Nancy Barrickman, Assistant Professor, who received her PhD from Duke University, is a biological anthropologist with interests in the evolution life history, complex behavior, and encephalization. She has recently initiated a study, in collaboration with Dr. Amy Schreier of Duke University, examining the behavior of juvenile lemurs at the Duke Lemur Center in North Carolina. The study aims to increase our understanding of why some species, such as humans and other primates, have such a prolonged period between infancy and adulthood.
In addition to her interests in primatology and how it informs human evolution, she is currently developing a research program investigating the relationship between conservation efforts, community welfare, and processes of globalization. She was awarded a SSHRC Seed Grant from the University of Waterloo to conduct a pilot study in the Udzungwa Mountains of Tanzania. In particular, she is interested in how access to health care and education in local communities affect conservation programs.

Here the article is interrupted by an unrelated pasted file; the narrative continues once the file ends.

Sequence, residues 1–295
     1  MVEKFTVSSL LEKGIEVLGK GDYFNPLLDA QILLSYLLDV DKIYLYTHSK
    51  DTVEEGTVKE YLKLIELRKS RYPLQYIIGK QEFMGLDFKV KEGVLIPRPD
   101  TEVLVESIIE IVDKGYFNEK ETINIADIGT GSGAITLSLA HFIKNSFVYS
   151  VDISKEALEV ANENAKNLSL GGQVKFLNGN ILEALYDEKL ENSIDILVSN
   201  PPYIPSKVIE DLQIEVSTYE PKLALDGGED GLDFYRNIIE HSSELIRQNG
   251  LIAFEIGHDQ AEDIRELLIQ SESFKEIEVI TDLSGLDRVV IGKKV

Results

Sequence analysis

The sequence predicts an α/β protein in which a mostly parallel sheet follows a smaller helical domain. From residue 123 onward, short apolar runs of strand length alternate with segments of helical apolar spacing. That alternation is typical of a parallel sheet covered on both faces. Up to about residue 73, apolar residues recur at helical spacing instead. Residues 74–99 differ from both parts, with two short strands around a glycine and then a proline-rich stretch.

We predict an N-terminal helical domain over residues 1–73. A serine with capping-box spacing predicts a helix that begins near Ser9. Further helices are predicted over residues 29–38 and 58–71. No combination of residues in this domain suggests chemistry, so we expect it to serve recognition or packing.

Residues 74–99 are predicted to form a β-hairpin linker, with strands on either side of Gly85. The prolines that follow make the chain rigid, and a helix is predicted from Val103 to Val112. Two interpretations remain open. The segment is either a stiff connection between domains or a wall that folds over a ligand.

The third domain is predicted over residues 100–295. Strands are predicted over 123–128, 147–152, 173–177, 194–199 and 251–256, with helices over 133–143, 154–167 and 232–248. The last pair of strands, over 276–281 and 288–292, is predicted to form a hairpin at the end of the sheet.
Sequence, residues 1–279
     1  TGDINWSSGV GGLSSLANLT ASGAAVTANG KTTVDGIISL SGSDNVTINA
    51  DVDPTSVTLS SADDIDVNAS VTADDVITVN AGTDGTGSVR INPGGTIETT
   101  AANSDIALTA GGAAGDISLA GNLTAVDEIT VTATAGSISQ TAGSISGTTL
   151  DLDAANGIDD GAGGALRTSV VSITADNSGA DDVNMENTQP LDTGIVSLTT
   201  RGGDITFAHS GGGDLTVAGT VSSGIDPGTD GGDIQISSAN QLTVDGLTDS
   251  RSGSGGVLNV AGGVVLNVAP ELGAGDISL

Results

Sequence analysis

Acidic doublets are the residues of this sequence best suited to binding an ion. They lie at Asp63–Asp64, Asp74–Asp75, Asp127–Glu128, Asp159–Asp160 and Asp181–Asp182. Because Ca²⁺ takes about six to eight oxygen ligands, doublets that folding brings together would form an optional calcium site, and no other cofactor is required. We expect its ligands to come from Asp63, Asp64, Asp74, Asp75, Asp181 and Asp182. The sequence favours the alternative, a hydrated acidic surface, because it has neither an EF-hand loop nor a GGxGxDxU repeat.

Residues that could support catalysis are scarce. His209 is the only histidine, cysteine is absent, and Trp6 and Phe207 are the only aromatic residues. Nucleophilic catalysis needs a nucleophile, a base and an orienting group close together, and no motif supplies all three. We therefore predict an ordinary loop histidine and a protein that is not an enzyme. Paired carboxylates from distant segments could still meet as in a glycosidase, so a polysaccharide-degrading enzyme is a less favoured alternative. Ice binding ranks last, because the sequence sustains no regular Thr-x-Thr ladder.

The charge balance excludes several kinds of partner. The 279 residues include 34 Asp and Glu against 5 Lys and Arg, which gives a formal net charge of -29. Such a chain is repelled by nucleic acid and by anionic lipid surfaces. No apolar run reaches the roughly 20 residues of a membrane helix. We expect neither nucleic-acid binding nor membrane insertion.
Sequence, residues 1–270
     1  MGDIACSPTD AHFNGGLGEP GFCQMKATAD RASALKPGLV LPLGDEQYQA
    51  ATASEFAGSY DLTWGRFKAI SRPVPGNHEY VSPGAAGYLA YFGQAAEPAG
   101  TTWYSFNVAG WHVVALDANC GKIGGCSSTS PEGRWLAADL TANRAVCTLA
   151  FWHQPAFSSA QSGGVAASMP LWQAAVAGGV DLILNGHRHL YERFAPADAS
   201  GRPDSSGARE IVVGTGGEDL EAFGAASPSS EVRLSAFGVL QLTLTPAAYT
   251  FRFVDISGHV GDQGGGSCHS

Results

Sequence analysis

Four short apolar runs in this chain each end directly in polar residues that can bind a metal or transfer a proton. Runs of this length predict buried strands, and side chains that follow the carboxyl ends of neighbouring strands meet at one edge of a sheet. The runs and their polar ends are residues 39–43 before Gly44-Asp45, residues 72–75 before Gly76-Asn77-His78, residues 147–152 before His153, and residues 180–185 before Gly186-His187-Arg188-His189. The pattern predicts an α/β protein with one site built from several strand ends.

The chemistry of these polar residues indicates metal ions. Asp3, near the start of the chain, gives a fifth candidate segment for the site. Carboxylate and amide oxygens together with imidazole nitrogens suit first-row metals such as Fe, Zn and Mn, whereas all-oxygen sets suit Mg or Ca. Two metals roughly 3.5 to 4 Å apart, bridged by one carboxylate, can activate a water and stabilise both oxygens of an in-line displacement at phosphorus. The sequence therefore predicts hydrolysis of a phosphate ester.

Publications and Current Research
In prep - Barrickman, N.L. Body growth in twelve anthropoids: implications for the evolution of life history.
2010 - Barrickman, N.L. Lin, M. Encephalization, expensive tissues, and energetics: An examination of the relative costs of brain size in strepsirhines. American Journal of Physical Anthropology 143:579-590.
2009 - Maclean, E.L., Barrickman, N.L., Johnson, E.M., Wall, C.E. Group size, pairbonding, and brain size in strepsirrhine primates. Journal of Human Evolution 56: 471-478.
2008 - Barrickman, N.L., Bastian, M., Isler, K., van Schaik, C. Life history costs and benefits of increased brain size: a comparative test using primates. Journal of Human Evolution 54:568-590.
2006 - van Schaik, C., Barrickman, N.L., Bastian, M., Krakauer, E., van Noordwijk, M. Primate life histories and the role of brains. In Evolution of Human Life History, edited by K. Hawkes and R. Paine, pp. 127-154. SAR Press, Santa Fe, NM.
University of Waterloo